Gender in Bugis society

From Wikipedia, the free encyclopedia
Jump to: navigation, search
In Bugis society, androgynous bissu officiate as priests, shamans, sorcerers, or mediums.

The Bugis people are the most numerous of the three major ethnic groups of South Sulawesi, Indonesia.[1][page needed]

In contrast to the two-gender system of Western society, Bugis society recognises five genders: makkunrai, oroané, bissu, calabai, and calalai.[2] Makkunrai and oroané are comparable to cisgender women and men, respectively. Bissu are androgynous shamans. Calalai and calabai approximately compare with trans men and trans women.[2]

Bissu[edit]

Bissu is one of the five genders of the Bugis, an Indonesian ethnic group. There are divergent theories regarding the definitive origins and meaning of "gender transcendent", as the bissu are commonly called.[3]

To be considered bissu, all aspects of gender must be combined to form a whole. This can include those who are born intersex. However, being bissu does not necessarily mean one does not possess only fully functioning male or female sexual organs, or even that one would not be called a cisgender male or female outside of Bugis society.[4]

The role of the bissu (along with the other gender roles not normally found in Western society) exist in Bugis society because it is a cultural belief that all five genders must harmoniously coexist.[citation needed]

The advice of bissu is typically sought when a particular approval from the powers of the batin world is required. This may, for example, be the situation when a Bugis person is departing Sulawesi for the Hajj, the compulsory pilgrimage to Mecca. In that situation the bissu will permit an excellent djinn to seize them and to proceed as an emissary of the batin.[citation needed]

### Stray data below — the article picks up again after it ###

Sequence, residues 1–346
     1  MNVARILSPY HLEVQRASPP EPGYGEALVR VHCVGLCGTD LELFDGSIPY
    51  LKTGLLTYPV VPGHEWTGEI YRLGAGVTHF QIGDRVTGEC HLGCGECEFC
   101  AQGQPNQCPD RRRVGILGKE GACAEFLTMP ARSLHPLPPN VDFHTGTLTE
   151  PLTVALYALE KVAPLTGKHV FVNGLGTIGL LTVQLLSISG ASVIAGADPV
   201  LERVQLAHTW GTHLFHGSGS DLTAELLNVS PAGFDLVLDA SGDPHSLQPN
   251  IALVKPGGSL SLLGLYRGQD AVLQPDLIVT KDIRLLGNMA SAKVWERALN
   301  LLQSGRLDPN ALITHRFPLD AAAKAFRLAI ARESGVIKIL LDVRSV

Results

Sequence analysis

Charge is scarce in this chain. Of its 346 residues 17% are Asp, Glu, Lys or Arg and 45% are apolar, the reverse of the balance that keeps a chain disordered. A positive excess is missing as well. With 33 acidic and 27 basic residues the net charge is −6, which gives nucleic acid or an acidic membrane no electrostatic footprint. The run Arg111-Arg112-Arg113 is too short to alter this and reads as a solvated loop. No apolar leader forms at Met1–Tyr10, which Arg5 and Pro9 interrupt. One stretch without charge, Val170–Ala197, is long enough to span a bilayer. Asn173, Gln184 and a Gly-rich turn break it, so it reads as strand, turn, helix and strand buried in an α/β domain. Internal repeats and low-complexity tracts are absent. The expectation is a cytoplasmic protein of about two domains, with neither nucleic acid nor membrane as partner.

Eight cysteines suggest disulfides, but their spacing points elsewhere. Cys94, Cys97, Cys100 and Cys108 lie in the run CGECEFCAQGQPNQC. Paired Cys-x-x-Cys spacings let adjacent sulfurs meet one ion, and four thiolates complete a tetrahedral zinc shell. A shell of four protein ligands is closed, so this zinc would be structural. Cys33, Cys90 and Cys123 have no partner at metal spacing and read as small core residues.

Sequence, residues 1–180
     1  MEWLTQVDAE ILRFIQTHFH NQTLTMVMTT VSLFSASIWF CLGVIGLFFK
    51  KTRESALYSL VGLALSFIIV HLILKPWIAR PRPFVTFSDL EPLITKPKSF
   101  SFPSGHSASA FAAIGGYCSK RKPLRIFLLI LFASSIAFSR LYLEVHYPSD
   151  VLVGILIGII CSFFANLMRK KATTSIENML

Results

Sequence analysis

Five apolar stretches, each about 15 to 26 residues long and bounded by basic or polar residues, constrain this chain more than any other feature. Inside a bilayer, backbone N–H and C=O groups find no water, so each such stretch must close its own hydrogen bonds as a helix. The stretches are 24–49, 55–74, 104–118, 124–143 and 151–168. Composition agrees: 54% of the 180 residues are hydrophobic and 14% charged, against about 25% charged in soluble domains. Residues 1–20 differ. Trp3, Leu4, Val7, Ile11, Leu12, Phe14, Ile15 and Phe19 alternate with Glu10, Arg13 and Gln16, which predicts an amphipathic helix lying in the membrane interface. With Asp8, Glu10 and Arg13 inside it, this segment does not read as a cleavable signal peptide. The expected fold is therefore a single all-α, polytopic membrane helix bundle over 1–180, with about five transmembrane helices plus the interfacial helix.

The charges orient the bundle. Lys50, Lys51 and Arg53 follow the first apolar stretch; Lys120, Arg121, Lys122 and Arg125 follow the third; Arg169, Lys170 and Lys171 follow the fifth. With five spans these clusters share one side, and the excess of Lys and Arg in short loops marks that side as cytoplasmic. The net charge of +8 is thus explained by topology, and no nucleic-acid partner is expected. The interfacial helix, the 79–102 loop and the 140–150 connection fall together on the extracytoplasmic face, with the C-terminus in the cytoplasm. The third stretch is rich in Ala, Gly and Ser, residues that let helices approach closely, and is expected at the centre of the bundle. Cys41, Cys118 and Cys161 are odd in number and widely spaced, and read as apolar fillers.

This is not in keeping with traditional Islam, but it has been tolerated by the regional Muslim establishment on condition that it does not comprise any act that is evidently in opposition to the Sharia. In this exceptional case, it means that the spirit and the Bissu's powers should not be measured as in any way autonomous from Allah’s power, because he is the only one who is to be venerated.[citation needed]

In daily social life, the bissu, along with the calabai and the calalai, are authorized to enter the women’s parts of the dwellings and villages in addition to the men's.[citation needed]

Calabai[edit]

According to the Bugis gender system, a calabai is a 'false woman'. Therefore, these people are generally assigned male at birth but take on the role of a heterosexual female. The fashions and gender expression of Calabai individuals are distinctly feminine, but do not match that of the "typical" cis-gendered woman.

If there is to be a wedding in Bugis society, more often than not calabai will be involved in the organization. When a wedding date has been agreed upon, the family will approach a calabai and negotiate a wedding plan. The calabai will be responsible for many things: setting up and decorating the tent, arranging the bridal chairs, bridal gown, costumes for the groom and the entire wedding party (numbering up to twenty-five), makeup for all those involved, and all the food. Rarely did I attend a village wedding with less than a thousand guests. On the day, some calabai remain in the kitchen preparing food while others form part of the reception, showing guests to their seats.

— Sharyn Graham

Calalai[edit]

A calalai is a person who is assigned female at birth but takes on the roles of a heterosexual male. Calalai dress and present as men, hold masculine jobs, and typically live with female partners to adopt children.[5][page needed]

Bibliography[edit]

  • Graham Davies, Sharyn (2010). Gender Diversity in Indonesia: Sexuality, Islam and Queer Selves. ASAA Women in Asia Series. Routledge. 
  • Pelras, Christian (1997). The Bugis (The Peoples of South-East Asia and the Pacific. Wiley-Blackwell. 

See also[edit]

References[edit]

  1. ^ Peletz, Michael G. (2009). Gender Pluralism: Southeast Asia Since Early Modern Times. Routledge. ISBN 0-415-93161-4. 
  2. ^ a b Graham Davies, Sharyn (2006). Challenging Gender Norms: Five Genders Among Bugis in Indonesia. Case Studies in Cultural Anthropology. Wadsworth Publishing. p. xi. 
  3. ^ "Sex, Gender, and Priests in South Sulawesi, Indonesia" (PDF). International Institute for Asian Studies. Retrieved 2011-07-25. 
  4. ^ "Sulawesi's fifth gender". Inside Indonesia. Archived from the original on 28 July 2012. Retrieved 2011-07-25. 
  5. ^ Carl, John D. (2011). Think Sociology (2nd ed.). Upper Saddle River: Pearson. OCLC 663102354. 

External links[edit]